During these cold winter days and nights, keeping warm as cheaply as possible is more important than ever. When it comes to ideas for how to save energy at home an electric blanket or hot water bottle is a perfect low cost option to keep you nice and toasty.
As the price to heat your home increases each month, the hot water bottle and electric blanket have been praised as a cheaper alternative. However, when it comes down to the hot water bottle vs the electric blanket, which is better for both your pocket and protecting you from the cold?
The hot water bottle vs the electric blanket
Before you decide on the best electric blanket or the best hot water bottle that you wish to buy. There are cost and safety precautions to take into consideration when it comes to the hot water bottle vs the electric blanket debate.
Hot water bottle
The cost of a hot water bottle is dependent on how much it costs to run a kettle. According to Uswitch it costs around 7.8p to boil a full kettle of water which is 1.5L. A hot water bottle is around 2L in size, however, for safety reasons it is recommended that you don’t fill your hot water bottle completely to the top.
The heat from a hot water bottle will keep you warm for a few hours, so if you filled the hot water bottle with 1.5L of hot water twice a day, that would amount to 15.6p per day and roughly £1.09 per week.
The cost of an electric blanket according to Octopus Energy costs around 2p to 4p an hour to run. They come in three main types, under blankets, mattress covers and over blankets. Some electric blankets have a range of heat settings which can make them cheaper to run and allows you to set them at your preferred temperature.
Hot water bottle
- Don’t put boiling hot water into your water bottle, let the water cool for a few minutes so as not to damage the rubber.
- To prevent any burns cover your water bottle and don’t allow direct contact with one area of the body for more than 20 minutes
- Don’t use a rubber hot water bottle if you have a latex allergy.
- Be careful to not apply too much pressure or sit on your hot water bottle.
- Don’t buy a second hand electric blanket
- Be on the lookout for any wear and tear and replace your blanket at least every ten years.
- If your blanket does get wet, don’t turn it on to dry it.
To gauge the comfort verdict the Ideal Home team weighed in on their preference in the hot water bottle vs the electric blanket debate.
Holly Walsh, Content Editor at Ideal Home says, ‘I'm personally in the hot water bottle camp. I love that it can keep you warm all night long and it's something to cuddle up with. I find I can always feel the wires of an electric blanket beneath me which disturbs my sleep plus I'd never remember to switch it on ahead of going to bed!’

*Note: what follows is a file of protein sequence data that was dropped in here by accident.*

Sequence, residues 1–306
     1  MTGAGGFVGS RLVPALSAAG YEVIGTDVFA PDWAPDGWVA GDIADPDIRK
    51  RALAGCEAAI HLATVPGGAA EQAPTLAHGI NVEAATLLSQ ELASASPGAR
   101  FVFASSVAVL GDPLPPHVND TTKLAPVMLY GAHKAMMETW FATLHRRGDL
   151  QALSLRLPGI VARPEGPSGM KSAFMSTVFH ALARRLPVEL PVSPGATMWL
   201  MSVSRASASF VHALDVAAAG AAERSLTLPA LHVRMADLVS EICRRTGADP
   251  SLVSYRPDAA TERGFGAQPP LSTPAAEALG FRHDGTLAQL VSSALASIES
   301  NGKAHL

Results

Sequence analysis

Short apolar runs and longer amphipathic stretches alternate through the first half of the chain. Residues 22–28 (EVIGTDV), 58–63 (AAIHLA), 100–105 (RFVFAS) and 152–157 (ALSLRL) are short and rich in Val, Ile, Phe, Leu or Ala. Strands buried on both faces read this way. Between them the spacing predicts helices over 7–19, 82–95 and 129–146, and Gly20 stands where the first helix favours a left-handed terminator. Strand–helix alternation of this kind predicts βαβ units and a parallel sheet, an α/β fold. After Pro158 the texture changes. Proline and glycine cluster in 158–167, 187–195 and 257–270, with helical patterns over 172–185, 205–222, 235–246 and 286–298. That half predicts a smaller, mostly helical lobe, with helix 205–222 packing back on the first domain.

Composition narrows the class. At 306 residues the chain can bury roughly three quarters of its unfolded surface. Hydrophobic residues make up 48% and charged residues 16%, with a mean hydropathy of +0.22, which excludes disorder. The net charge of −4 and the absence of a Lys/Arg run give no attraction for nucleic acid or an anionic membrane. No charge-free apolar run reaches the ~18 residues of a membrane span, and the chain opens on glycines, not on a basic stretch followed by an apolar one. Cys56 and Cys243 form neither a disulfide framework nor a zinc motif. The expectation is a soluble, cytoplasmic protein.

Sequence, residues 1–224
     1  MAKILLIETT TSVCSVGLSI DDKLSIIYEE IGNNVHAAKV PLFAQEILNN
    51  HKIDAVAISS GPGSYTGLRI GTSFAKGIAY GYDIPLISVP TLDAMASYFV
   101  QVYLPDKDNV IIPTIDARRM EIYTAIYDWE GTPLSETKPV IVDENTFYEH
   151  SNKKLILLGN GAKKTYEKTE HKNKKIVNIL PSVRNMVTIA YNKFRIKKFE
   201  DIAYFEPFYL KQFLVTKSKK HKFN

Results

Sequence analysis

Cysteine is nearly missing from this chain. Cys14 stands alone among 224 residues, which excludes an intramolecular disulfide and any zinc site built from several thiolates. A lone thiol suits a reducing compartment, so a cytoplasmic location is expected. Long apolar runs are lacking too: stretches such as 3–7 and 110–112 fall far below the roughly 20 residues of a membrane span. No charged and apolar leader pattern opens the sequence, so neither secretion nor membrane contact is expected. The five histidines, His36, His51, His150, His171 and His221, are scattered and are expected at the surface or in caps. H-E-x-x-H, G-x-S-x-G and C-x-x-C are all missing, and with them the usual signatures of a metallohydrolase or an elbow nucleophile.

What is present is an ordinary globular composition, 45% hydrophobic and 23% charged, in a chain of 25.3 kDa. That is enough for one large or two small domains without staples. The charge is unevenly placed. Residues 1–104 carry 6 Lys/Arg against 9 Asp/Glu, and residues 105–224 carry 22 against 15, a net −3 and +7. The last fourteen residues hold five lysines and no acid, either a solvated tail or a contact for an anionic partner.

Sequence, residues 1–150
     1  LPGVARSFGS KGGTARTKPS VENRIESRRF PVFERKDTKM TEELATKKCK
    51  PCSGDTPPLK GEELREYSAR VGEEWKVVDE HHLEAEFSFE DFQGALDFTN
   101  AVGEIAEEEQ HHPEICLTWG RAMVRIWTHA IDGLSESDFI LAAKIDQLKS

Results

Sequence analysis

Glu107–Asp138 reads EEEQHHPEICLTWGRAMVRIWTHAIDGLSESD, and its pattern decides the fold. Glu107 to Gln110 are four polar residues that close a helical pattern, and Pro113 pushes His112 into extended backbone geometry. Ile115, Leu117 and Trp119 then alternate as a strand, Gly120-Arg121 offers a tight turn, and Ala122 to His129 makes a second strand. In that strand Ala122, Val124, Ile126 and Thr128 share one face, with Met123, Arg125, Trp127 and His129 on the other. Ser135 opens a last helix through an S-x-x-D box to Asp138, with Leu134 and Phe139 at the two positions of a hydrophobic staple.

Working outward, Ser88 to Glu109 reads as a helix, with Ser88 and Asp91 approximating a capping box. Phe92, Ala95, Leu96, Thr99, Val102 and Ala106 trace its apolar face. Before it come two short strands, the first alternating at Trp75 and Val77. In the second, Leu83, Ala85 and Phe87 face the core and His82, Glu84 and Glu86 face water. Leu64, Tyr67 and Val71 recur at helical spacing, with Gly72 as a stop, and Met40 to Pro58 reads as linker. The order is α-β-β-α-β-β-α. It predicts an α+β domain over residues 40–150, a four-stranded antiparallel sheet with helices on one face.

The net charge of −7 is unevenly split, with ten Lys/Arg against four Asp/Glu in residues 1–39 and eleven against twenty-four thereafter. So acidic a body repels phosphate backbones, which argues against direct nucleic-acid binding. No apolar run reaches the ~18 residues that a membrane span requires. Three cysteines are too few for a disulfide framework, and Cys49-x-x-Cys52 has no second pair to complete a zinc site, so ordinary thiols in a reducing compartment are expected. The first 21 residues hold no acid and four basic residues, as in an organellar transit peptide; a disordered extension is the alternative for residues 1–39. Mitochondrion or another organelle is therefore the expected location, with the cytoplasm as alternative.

Another lover of the hot water bottle is Rebecca Knight, Ideal Home's Deputy Digital Editor. ‘I'm a hot water bottle person in London as it was cheaper to buy one than an electric blanket - but I have an electric blanket at my mum's (freezing) house up north. it turns off after 2 hours and I do like that it heats the whole side of the bed.’
‘I love the nostalgia of a hot water bottle, it's so comforting and old cool. That said, on extra cold evenings I don't like to choose between cosy toes and the rest of my body, so an electric blanket means I can escape the chill much more quickly,’ says Thea Babington-Stitt, Assistant Editor at Ideal Home.
Heather Young, Editor at Ideal Home, casts another vote for the hot water bottle. ‘I'm team hot water bottle! I'm quite fussy when it comes to temperature when I'm trying to sleep - I don't like to be too hot, but I love the comfort factor of a hot water bottle. I'm quite tempted by an electric blanket for when I'm snuggled up on the sofa for an evening in front of the TV though!’
So in terms of cost to run they are both very similar, but the electric blanket comes out as the slightly more expensive option. The hot water bottle has stolen the hearts of the Ideal Home team, but the main thing is to choose the one that best suits your lifestyle.
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Imani Cottrell is Ideal Home’s Content Editor, she graduated with a Masters degree in magazine journalism from Nottingham Trent University in 2018.
She then went on to join the Royal Television Society and worked on their digital team writing about all things TV. In 2022 she joined the Ideal Home team and is getting to express her passion for all things interior design. In her spare time she loves discovering new homeware brands and travelling to new places for design inspiration.
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